Labor Market Insights: April 2024

Labor Market Insights April 2024

New job reports were just released! Here’s our labor market insights for April 2024.

Key Takeaways:

You can’t rewrite history. If that was possible, I would have seriously reconsidered my mullet phase. And my first tattoo. In fact, an entire year in my early 20s would have been wiped from history.
Me: “You can’t rewrite history.”
The Government: “Hold my beer.”

One of my incredibly smart colleagues (that’s you, Drew Schroeder) recently pointed out that my reporting of monthly job gains (an important factor measuring the health of the labor market) is incorrect. His contention is that total job adds are significantly lower than first reported. And he’s right. The BLS does rewrite history—in fact, they do it every month. In 2023, job gains were downwardly revised in 10 of the 12 months. For the year (2023), revisions essentially wiped out ~400,000 jobs. In August 2023, the BLS issued a preliminary revision for the 12 months through March 2023 showing that ~25,000 fewer jobs were added on average per month in that period. Yes, (job) history can be rewritten, and it’s almost always less rosy than the first version.

If you’ve read my last two monthly reports, you would’ve noticed a strong tone of general labor market optimism, not in small part due to monthly job gains. So, given these revisions, is there still cause for optimism? Yes (albeit a bit more tempered), even after the revisions— (1) we’re still adding ~300k new jobs per month; (2) unemployment remains historically low; and (3) layoffs have stabilized. As with any fluid market, things are never simply “good” or “bad,” but data suggests stabilization with generally positive tailwinds.

No additional commentary this month, I’ll simply defer to this month’s (yet to be revised) numbers.

jobs added graph

job opening graph

total hires graph

total separations graph

labor force participation rate graph

By the Numbers:

  • New Jobs – The U.S. added 303,000 new jobs last month, far outpacing all expectations.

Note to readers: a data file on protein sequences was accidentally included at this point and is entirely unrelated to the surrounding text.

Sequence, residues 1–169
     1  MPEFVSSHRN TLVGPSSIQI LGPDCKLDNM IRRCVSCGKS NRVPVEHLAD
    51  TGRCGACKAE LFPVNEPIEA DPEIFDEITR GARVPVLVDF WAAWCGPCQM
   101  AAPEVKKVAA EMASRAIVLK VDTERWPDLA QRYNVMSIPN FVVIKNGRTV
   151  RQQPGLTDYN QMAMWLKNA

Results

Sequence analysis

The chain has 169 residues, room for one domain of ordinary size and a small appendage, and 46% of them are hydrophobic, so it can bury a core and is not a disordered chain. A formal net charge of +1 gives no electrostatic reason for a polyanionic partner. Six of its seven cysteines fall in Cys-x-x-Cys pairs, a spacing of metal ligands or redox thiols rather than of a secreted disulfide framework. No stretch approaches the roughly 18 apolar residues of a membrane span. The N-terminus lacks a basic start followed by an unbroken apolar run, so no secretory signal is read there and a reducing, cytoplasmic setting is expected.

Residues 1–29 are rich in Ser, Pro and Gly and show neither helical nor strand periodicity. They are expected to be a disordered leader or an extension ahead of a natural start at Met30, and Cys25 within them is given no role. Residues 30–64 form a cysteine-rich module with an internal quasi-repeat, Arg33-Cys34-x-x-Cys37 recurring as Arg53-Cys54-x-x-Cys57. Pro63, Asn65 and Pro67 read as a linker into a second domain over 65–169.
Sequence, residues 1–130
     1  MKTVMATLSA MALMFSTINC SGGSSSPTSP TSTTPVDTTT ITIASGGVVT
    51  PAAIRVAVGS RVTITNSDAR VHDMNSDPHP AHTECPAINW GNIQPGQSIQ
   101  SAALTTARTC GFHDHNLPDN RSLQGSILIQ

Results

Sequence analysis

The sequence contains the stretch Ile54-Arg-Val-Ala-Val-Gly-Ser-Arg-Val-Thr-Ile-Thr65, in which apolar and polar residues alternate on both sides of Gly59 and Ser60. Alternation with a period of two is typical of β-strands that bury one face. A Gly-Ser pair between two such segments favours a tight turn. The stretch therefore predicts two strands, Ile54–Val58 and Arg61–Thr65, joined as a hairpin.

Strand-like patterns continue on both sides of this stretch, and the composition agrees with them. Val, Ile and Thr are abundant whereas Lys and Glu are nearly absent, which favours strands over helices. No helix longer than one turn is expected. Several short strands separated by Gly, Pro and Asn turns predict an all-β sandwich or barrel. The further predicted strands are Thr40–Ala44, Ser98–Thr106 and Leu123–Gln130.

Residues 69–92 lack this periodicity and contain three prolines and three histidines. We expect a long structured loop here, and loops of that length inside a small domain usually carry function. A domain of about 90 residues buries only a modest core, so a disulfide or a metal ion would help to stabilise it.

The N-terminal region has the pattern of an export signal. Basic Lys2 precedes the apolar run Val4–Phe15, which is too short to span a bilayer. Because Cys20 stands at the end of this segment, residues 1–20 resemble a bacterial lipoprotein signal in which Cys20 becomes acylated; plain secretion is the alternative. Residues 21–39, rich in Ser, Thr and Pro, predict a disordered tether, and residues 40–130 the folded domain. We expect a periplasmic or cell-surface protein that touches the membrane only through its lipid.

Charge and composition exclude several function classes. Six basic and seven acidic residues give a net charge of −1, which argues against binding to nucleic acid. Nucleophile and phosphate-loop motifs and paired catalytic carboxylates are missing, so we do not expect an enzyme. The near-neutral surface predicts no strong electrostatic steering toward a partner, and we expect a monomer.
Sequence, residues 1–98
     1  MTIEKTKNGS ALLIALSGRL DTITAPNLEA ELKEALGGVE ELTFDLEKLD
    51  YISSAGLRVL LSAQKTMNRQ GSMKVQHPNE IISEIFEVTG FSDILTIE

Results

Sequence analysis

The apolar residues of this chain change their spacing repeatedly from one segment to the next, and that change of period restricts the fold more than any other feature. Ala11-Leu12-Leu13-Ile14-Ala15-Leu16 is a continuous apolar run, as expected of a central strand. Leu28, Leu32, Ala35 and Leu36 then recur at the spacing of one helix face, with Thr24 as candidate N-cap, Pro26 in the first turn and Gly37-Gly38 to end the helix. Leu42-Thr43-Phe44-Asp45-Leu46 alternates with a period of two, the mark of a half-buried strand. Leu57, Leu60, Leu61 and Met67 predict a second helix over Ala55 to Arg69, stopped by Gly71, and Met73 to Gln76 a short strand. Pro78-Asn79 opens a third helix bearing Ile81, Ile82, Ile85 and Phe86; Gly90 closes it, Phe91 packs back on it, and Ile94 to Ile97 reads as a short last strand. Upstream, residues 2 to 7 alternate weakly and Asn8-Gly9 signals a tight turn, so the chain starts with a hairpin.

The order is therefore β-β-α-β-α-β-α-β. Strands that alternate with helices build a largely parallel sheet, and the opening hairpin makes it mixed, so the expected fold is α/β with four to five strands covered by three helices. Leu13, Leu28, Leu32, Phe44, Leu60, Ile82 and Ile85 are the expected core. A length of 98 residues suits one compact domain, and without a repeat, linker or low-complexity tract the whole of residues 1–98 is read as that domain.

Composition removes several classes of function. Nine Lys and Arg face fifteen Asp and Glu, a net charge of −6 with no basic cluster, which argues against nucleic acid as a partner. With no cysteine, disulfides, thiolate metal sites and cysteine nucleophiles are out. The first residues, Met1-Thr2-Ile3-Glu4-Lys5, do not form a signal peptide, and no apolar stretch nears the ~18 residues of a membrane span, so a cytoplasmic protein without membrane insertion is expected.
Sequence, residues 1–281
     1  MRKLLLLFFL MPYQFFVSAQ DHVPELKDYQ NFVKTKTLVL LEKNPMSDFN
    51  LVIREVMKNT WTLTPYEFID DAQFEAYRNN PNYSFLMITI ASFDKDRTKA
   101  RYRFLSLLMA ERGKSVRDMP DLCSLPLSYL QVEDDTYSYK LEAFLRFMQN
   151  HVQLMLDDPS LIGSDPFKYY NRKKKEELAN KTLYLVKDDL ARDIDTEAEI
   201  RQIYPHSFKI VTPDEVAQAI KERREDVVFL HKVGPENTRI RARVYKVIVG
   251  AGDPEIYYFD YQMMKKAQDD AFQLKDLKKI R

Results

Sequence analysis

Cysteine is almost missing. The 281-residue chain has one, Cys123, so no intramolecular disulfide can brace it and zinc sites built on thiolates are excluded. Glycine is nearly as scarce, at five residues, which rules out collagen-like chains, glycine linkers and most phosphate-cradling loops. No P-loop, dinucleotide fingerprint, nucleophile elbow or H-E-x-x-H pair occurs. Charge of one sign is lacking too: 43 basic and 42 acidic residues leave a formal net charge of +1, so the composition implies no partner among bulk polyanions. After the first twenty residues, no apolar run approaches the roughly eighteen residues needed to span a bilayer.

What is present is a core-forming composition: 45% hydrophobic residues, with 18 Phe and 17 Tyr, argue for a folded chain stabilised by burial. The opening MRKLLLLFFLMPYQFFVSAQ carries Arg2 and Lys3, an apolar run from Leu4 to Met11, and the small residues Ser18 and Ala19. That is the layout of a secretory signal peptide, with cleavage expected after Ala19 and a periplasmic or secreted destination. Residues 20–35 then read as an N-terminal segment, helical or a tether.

• Healthcare, construction, and government showed the largest areas of growth.
  • Unemployment fell to 3.8%, down from 3.9% the previous month.
    • The Fed anticipates (hopes) it’ll hit 4.1% by the end of the year.
    • It’s been under 4% for 26 months (a record not seen since the 1960s).
  • Job openings dropped slightly to 8.8 million, down from 8.9 million the previous month.
    • Job openings peaked at a record 12.0 million in March 2022.
  • Hires increased slightly to 5.8 million, a slight increase from 5.7 million the previous month.
    • We’ve seen three straight months of hiring growth.
  • Layoffs increased slightly to 1.7 million, up from 1.6 million the previous month.
    • The layoff rate stayed at ~1% for the 6th consecutive month.
    • The number of layoffs remains very low by historical standards.
  • Quits increased slightly to 3.5 million, up from 3.4 million the previous month.
    • Quits, which are seen as a measure of worker confidence in the ability to change jobs and find another one, continue to remain very steady (and very low).
  • Total separations increased to 5.6 million, up from 5.3 million the previous month.
    • While a notable increase from the previous month, this is generally in line with previous averages.
  • Jobs per available worker dropped to 1.3:1, down from 1.4:1 the previous month.
    • Noticeably down from 1.8:1 last summer.
    • This ratio averaged ~2:1 over the past 2 years.
  • Labor Force Participation Rate (LFPR) ticked up to 62.7%, rising after three straight months at 62.5%.
    • It hit a high of 67.3% in early 2000 and fell to 63.3% in the month before the onset of the pandemic.

To make sure you never miss a Labor Market Insights update, you can subscribe to receive reminders via email here! While you’re here, make sure to check out the other resources we have available.